One of the Medoc's most celebrated wine consultants, Jacques Boissenot, has died aged 75.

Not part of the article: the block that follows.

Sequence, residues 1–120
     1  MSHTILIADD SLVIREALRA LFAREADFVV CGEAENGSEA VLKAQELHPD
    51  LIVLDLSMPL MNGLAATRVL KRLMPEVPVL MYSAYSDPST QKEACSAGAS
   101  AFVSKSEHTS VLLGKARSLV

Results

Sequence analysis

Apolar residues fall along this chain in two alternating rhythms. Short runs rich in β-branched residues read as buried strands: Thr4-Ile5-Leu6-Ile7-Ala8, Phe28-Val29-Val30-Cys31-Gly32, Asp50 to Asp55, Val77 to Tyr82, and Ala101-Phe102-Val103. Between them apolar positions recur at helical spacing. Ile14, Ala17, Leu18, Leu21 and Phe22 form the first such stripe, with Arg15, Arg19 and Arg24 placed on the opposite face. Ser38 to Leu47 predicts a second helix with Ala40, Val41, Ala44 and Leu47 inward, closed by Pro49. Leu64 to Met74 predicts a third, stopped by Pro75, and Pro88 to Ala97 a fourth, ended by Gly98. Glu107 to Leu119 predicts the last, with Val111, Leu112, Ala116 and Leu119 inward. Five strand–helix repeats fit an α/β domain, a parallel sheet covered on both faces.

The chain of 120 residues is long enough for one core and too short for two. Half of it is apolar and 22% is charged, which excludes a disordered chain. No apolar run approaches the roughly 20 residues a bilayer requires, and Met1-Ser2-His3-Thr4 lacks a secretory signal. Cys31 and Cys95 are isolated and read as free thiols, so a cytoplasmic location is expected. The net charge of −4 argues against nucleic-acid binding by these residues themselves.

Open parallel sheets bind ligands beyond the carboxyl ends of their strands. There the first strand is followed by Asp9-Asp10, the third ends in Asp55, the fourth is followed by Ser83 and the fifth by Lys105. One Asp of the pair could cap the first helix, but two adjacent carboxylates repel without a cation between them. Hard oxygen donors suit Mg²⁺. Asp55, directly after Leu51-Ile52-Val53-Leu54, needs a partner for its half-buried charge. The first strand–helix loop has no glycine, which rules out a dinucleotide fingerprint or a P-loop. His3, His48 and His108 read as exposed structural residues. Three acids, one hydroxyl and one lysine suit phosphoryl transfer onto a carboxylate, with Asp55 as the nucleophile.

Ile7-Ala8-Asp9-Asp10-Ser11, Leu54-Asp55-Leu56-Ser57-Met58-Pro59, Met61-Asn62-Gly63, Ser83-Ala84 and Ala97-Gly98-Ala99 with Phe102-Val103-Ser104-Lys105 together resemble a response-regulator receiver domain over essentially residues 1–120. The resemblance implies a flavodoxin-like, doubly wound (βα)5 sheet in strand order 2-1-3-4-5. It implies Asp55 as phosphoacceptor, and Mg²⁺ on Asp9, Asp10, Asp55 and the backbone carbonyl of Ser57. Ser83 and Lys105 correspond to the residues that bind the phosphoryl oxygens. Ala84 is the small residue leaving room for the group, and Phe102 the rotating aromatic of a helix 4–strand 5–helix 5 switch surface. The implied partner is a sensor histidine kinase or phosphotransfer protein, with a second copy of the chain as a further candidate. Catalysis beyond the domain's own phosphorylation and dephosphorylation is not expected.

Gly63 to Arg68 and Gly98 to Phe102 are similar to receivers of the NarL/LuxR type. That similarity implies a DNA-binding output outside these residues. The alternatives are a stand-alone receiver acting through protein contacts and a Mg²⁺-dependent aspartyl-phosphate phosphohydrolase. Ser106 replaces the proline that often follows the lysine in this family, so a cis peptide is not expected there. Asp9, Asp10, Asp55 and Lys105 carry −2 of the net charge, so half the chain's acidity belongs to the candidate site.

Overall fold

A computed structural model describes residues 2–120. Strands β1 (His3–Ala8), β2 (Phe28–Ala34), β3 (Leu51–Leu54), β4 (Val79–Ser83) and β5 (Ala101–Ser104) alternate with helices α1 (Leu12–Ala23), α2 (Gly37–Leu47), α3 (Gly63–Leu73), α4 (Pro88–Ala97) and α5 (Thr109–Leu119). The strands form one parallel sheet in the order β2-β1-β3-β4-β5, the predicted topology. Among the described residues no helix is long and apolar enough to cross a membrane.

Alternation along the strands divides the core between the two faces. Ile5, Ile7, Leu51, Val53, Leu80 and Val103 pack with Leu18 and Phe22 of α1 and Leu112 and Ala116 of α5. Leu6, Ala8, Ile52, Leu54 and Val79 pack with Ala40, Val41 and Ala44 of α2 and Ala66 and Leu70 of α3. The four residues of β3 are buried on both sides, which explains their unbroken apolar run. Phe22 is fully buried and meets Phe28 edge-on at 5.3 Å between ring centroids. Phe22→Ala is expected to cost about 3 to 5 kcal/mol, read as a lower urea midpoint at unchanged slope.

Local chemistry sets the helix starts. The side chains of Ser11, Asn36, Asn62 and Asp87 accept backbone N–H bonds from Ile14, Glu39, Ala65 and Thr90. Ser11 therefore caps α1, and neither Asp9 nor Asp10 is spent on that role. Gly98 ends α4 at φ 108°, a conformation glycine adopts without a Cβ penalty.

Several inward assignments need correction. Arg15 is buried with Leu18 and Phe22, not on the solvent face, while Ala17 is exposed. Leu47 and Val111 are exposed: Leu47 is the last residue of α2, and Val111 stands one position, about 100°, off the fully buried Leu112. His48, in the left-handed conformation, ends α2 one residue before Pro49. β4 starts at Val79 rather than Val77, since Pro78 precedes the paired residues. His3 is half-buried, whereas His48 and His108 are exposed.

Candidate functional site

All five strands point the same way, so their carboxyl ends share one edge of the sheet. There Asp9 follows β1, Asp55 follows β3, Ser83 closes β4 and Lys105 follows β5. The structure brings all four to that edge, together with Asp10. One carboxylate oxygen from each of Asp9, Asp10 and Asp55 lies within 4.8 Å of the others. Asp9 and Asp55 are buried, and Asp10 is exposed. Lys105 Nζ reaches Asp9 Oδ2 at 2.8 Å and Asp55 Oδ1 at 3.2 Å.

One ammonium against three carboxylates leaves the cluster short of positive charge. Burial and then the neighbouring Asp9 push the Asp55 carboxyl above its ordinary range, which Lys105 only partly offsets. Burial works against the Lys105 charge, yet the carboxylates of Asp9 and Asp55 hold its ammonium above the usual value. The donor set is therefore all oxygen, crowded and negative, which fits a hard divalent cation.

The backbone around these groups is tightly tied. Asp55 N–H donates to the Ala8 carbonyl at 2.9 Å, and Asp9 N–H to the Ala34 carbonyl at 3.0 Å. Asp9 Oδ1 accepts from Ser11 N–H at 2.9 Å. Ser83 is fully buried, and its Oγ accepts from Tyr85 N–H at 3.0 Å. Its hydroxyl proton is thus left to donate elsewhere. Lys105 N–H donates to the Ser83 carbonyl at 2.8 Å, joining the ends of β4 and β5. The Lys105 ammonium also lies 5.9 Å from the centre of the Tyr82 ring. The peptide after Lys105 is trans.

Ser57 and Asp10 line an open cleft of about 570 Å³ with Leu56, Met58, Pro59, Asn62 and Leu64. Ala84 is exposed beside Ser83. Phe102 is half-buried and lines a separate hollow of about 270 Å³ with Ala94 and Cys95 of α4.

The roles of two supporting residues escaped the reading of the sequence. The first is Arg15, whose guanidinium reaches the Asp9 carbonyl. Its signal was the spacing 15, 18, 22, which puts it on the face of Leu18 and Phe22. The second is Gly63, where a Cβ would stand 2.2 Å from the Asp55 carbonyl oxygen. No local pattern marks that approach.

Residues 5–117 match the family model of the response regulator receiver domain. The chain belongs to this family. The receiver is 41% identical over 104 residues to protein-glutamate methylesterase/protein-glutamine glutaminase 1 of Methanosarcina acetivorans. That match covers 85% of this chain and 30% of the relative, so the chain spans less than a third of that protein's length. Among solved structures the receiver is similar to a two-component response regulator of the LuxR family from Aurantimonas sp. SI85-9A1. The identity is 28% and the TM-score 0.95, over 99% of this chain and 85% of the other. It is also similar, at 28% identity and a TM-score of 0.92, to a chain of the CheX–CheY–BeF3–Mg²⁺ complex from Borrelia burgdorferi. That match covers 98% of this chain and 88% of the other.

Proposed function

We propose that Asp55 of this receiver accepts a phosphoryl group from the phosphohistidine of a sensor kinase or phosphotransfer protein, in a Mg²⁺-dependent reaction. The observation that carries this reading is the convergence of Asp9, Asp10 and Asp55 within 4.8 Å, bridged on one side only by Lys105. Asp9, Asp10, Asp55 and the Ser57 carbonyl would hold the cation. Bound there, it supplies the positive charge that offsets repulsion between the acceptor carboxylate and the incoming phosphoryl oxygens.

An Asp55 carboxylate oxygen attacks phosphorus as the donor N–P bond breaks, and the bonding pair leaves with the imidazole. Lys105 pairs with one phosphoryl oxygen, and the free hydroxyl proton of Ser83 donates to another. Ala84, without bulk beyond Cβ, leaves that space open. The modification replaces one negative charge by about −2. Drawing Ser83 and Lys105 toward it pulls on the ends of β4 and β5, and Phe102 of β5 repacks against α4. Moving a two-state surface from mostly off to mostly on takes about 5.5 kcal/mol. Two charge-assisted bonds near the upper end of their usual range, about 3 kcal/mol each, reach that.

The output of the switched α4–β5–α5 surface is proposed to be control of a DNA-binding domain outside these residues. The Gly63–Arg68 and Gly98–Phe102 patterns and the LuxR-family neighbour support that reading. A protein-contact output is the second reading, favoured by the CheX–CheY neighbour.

Boissenot was one of the most prolific wine consultants of the late 20th century, working with nearly 200 properties on the Left Bank of Bordeaux over the last 45 years.His expertise roofed four of the five First Growths; Mouton, Lafite, Latour, Margaux, as well as countless additional prestigious estates from Leoville-las-Suitcases and Cos d'Estournel to Clos des Quatres Vents and Fourcas Hosten. Place a pin in a map of the Médoc, it has been said many times, and you find the hand of Jacques Boissenot.He was known for his understated, respectful approach to the wines, as well as his intuitive understanding of how to bring the best out of them - and his clients - without ever stepping into the limelight himself. In his own words he clarified his job as; 'there is the terroir, but http://1000-facts-about-wine.com also the philosophy in the rear it. To be a consultant, you need to be excellent at psychology. With the best wines, you don't have giant freedom; you only want to increase them along their own lines, to respect what they are.'Boissenot was born in Beirut on September 10, 1938, where his father was serving in the military until the family returned to France when he was seven. He was not born into a wine-drinking dynasty, and never tried wine out of a bottle sealed with a cork until his late teens. His first career choice was to be a vet, but when that didn't work out a friend suggested wine consulting because, as he recounted, 'there were simple jobs in it'.He had found his calling. His professor and mentor at Bordeaux's oenology specialty was Émile Peynaud and after his studies were finished in 1972 Peynaud questioned him to set up one of five new oenology departments around the Gironde - the first of their kind, although now commonplace world http://1000-facts-about-wine.com over. Boissenot headed up the Pauillac branch, and never ventured far from the Médoc peninsula for the rest of his professional career.Once Peynaud retired, Boissenot inherited many of his clients, beginning with Lafite in 1980, then Margaux in 1987, Latour in 2000 and finally Mouton in 2005. His rare overseas projects were nearly always with existing clients, such as the launch of Vina Los Vascos with Domaines Barons de Rothschild (Lafite) in Chile in 1988.'His giant modesty was only matched by his skill,' Christophe Salin, managing director of DBR Lafite told decanter.com. 'He was a right paysan-oenologue; loving the terroir above all else. A silent and calming presence. He will be missed.'